THE TALK in city hall, whenever it comes to Commissioner Amanda Fritz, often revolves around two points.
First, as a former neighborhood activist who asks pain-in-the-ass (yet important) questions about the hows and whys of city policy decisions, Fritz seems all too willing to wind up on the lonely side of a 4-1 vote. Which is no place to be if you want to shake up the boys' club that traditionally has dominated city council.
"Two this week," she told me during a chat in her office last Friday, March 4.
The other is that she may not run again in 2012. Public campaign cash, which lofted her into office in 2008, is no more. And the long hours of governing—let alone stumping and fundraising—already have Fritz missing her family.
"It comes at a personal cost," she says.
But Mayor Sam Adams, during his State of the City speech last month, may have changed that conversation. During the speech, he announced a new, bureau-level Office of Equity, and handed it over to Fritz. And even Fritz, usually reticent to talk about her political future, had to admit it was "definitely" another "exciting enticement to continue."
The office likely will be devoted to solving Portland's systemic disparities around race, income, age, and disability. It will start small, with "10-ish" staffers, Fritz says, and swallow the Office of Human Relations—but still keep alive the Human Rights Commission. And it will mainly operate as a hub that helps other bureaus do most of the heavy lifting in their respective domains.
For example: How is transportation doing with wheelchair curb ramps? Or maybe this: Should the city be doing more business with minority-owned firms?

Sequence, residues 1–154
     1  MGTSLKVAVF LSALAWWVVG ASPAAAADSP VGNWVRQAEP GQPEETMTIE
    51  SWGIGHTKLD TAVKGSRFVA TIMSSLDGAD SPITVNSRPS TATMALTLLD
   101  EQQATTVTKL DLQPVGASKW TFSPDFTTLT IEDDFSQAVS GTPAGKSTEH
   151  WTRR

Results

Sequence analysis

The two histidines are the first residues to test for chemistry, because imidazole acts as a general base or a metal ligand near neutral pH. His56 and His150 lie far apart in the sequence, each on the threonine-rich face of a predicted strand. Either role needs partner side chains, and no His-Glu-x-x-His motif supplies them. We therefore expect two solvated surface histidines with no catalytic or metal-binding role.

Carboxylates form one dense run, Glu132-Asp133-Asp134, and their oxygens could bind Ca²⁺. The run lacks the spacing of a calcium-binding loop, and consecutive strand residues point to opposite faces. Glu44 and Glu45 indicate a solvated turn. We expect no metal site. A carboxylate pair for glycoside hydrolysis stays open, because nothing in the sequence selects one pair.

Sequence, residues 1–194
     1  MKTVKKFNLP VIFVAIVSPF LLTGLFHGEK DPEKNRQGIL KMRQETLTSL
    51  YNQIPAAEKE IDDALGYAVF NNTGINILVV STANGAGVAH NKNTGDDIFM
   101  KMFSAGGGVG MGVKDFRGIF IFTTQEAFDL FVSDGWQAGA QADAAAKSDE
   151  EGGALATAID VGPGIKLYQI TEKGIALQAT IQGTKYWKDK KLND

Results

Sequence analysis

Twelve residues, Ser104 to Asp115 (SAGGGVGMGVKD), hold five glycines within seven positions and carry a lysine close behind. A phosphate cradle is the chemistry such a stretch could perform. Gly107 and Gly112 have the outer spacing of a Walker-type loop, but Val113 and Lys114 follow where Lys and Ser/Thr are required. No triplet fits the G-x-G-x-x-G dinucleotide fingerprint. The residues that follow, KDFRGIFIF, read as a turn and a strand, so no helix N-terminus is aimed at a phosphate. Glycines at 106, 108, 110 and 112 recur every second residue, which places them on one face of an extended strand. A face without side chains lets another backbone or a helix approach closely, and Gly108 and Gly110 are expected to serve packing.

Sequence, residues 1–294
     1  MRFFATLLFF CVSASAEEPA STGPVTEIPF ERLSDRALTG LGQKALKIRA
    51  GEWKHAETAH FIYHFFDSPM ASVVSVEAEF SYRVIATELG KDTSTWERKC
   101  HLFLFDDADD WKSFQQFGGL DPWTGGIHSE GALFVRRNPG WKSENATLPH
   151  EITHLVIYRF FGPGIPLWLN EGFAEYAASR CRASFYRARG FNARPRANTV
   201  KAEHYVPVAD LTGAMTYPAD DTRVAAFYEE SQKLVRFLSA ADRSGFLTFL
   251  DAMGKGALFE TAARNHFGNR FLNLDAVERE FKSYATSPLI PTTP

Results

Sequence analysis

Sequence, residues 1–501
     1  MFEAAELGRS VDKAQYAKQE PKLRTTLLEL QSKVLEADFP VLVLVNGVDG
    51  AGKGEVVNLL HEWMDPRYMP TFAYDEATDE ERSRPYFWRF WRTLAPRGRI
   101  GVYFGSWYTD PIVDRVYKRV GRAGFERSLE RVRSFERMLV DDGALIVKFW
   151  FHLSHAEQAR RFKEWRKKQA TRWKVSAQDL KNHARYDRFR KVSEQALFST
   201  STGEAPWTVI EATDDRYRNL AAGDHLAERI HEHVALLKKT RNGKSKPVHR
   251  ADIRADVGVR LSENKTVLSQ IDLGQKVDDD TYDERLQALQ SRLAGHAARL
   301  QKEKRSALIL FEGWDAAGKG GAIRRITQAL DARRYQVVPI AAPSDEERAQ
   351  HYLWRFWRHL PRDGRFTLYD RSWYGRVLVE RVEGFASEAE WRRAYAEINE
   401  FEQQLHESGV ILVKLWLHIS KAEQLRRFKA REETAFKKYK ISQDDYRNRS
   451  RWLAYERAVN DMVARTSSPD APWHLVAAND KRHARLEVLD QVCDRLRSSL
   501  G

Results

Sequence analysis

It's almost an impossible job—and it's certainly drawn snickers from the Oregonian and from some of the more skeptical staffers in other commissioners' offices. It's also a big job for someone who might be feeling ground down by politics. But if the mayor is as serious about the office as he seems, then Fritz—who helped devise his proposal—is probably the right person to lead it.
The process of getting it running by July, in time for the city's next budget year, will play to one of her great strengths: listening. She's planning a series of community meetings in the next several months—and she's put out a call for anyone, anywhere with ideas to send an email. (Seriously. Hit her up at email@example.com.)
There could be a political gain for Fritz in all that work—the genuine connections she'll make across pockets of the city sometimes neglected in the political dialogue. But Fritz? She's not convinced.
"It's the right thing," she says. But "it's not politically popular."